BOISE, Idaho (AP) — An environmental group has asked Idaho officials to prosecute a trapper who killed a wolverine and ban lethal traps in areas inhabited by wolverines, but state officials say they will do neither.
The Center for Biological Diversity made the request Tuesday in a letter to Idaho Department of Fish and Game Director Virgil Moore after obtaining some of the agency’s internal documents through a public records request.
The group also sent a copy of the letter to the U.S. Fish and Wildlife Service, which is considering federal protections for wolverines.
Idaho has not allowed a hunting or trapping season for wolverines since 1965.
Documents the Center obtained through a public records request show Fish and Game investigators reported the snare that killed the wolverine in December lacked a mandatory addition called a “stop,” which prevents the snare from tightening all the way and choking to death non-targeted species.
“When any regulation is not enforced, the incentive to follow the law is lost,” said Andrea Santarsiere, senior attorney with the Center for Biological Diversity.
Fish and Game spokesman Roger Phillips said Thursday that the agency is not going to prosecute the trapper and will not ban lethal traps in wolverine habitat. He said wildlife officials have discretion when it comes to prosecuting possible violations.
“We investigated it, and we did not issue a citation,” he said Thursday.
The Idaho trapper, as required by state trapping regulations, reported on Dec. 10 to Fish and Game finding the adult female wolverine caught in his trap in Lemhi County. The trapper told officials he estimated the wolverine had been snared one or two days earlier, based on its semi-frozen condition.
Fish and Game officials conducted an investigation resulting in a six-page memorandum by wildlife biologist Beth Waterbury sent in an email to agency officials at about 10:30 a.m. on Dec. 12 and obtained by the Center through its public records request.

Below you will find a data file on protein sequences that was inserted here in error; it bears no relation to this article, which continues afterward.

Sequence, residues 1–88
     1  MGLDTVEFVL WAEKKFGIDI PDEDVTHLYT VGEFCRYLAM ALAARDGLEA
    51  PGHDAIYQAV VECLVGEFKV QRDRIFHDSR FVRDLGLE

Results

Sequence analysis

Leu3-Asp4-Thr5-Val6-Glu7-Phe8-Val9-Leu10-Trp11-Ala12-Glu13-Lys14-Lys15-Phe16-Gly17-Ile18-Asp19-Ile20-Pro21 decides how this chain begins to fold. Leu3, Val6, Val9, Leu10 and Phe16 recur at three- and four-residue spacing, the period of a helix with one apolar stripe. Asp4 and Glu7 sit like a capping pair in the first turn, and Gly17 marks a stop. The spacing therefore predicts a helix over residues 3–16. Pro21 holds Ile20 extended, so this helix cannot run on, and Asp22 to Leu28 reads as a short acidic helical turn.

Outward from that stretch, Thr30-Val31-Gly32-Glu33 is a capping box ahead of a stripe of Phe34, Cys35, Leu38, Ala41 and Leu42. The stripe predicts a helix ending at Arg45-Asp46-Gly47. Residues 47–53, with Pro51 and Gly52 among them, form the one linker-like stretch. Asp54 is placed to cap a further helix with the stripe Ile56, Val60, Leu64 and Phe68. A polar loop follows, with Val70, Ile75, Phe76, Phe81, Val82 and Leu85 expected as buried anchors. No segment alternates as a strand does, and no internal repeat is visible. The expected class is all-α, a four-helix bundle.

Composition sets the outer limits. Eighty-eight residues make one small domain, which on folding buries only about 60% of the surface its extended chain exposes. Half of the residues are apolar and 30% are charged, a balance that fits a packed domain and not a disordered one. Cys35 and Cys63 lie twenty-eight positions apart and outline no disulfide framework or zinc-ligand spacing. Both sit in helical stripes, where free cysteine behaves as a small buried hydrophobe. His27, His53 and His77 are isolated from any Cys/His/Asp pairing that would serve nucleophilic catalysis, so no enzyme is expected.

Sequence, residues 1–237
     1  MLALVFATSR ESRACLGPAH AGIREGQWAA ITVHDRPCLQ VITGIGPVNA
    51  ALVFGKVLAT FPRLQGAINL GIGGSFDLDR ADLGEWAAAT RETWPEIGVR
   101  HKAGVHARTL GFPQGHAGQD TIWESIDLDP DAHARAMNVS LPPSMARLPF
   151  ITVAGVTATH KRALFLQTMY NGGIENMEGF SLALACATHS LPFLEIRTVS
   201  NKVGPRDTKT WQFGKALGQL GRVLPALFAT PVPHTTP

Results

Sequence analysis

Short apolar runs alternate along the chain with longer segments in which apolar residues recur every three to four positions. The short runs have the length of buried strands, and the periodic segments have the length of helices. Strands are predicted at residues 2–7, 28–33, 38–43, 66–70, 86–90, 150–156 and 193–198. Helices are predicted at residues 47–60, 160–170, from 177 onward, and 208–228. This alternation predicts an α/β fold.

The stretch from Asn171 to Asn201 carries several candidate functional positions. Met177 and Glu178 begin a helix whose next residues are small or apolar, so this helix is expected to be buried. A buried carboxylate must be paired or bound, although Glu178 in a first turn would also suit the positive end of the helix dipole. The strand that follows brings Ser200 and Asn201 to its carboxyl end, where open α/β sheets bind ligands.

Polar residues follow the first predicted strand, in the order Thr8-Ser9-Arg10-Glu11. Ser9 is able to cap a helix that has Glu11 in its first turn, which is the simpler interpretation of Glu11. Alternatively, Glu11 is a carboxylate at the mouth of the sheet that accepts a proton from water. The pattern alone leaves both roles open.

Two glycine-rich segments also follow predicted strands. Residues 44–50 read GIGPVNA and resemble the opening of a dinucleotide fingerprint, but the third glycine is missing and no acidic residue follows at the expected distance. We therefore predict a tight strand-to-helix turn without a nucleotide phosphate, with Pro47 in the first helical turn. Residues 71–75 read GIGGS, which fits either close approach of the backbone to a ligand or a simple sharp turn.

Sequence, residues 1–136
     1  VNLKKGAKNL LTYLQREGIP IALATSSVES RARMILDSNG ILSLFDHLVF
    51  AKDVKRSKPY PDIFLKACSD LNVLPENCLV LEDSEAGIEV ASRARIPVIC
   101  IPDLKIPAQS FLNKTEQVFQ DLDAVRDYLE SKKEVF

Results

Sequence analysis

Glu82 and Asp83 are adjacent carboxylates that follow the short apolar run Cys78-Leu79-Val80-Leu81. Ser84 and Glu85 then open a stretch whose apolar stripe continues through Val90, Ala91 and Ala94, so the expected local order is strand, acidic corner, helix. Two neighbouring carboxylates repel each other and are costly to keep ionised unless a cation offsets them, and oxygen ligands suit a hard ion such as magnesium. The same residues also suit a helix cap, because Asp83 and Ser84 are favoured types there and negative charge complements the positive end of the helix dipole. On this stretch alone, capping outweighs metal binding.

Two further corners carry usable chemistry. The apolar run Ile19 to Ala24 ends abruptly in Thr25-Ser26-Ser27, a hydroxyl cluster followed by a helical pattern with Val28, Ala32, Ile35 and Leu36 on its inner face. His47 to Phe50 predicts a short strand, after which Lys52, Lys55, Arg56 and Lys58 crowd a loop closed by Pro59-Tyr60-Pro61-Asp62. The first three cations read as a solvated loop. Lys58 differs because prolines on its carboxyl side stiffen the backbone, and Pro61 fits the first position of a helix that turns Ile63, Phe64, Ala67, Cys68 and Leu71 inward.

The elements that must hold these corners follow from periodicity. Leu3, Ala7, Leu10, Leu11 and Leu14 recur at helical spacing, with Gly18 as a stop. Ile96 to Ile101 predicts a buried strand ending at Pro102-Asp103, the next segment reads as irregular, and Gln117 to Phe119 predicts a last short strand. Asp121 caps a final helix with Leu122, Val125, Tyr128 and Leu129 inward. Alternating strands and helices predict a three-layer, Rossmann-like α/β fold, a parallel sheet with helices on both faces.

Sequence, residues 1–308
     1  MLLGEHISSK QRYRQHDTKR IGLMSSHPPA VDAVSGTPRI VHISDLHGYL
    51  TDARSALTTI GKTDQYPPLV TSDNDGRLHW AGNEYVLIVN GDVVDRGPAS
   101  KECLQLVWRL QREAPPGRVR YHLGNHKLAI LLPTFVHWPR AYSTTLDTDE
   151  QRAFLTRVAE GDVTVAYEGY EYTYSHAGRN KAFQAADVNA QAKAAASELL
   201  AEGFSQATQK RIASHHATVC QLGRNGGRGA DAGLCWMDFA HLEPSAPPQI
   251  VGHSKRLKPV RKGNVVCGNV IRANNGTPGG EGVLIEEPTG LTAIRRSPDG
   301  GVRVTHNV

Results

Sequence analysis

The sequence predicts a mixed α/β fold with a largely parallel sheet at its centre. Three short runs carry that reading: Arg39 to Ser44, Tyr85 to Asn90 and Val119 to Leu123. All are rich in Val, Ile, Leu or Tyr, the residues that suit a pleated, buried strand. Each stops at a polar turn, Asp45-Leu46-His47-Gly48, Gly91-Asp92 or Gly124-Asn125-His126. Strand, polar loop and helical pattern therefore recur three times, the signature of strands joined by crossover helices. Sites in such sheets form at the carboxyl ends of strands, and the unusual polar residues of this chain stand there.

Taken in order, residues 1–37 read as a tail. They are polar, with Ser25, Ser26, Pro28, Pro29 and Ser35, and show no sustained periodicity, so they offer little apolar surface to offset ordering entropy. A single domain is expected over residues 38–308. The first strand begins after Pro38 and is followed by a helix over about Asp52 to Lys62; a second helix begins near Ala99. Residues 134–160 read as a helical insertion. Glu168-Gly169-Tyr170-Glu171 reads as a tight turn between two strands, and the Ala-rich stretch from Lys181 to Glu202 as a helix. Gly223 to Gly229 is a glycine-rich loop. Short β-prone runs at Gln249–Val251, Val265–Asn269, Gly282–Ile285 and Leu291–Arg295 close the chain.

“There was no stop on the snare loop,” Waterbury wrote.
Fish and Game Wildlife Bureau Chief Scott Reinecker about an hour later emails a communications worker to hold off putting out a news release because there may be a “trapping violation we need to look into.” A few minutes later he sent an email to wildlife biologists asking how they discovered the snare didn’t have a stop.
Waterbury responded within half an hour that she specifically asked the trapper, whose name is redacted, whether the snare had a stop, and the trapper said it didn’t. She said the agency didn’t examine the snare.
Phillips noted that the snare might have had another device called a breakaway, which releases if an animal larger than intended is caught in the snare, and would make the snare legal. However, he said, investigators don’t know if the snare had such a device. Phillips said he didn’t know why investigators didn’t find out.
The documents also said the trapper was targeting foxes, which are typically smaller and not as strong as wolverines.
The decision not to prosecute “is just another example of Idaho Fish and Game protecting trappers to the detriment of our wildlife,” Santarsiere said.
Wolverines were wiped out across most of the U.S. by the 1930s. In the Lower 48 states, an estimated 250 to 300 wolverines survive in remote areas of Montana, Wyoming, Idaho, Oregon and Washington state.
Santarsiere said she sent a copy of the letter to Fish and Wildlife’s headquarters in Washington D.C. on Tuesday. Leith Edgar, a spokesman for the federal agency, said Thursday the agency hadn’t yet received it.
“We look forward to receiving the letter, assessing its merits, and then determining whether it will be a factor in our analysis of the status of wolverines under the Endangered Species Act,” he said.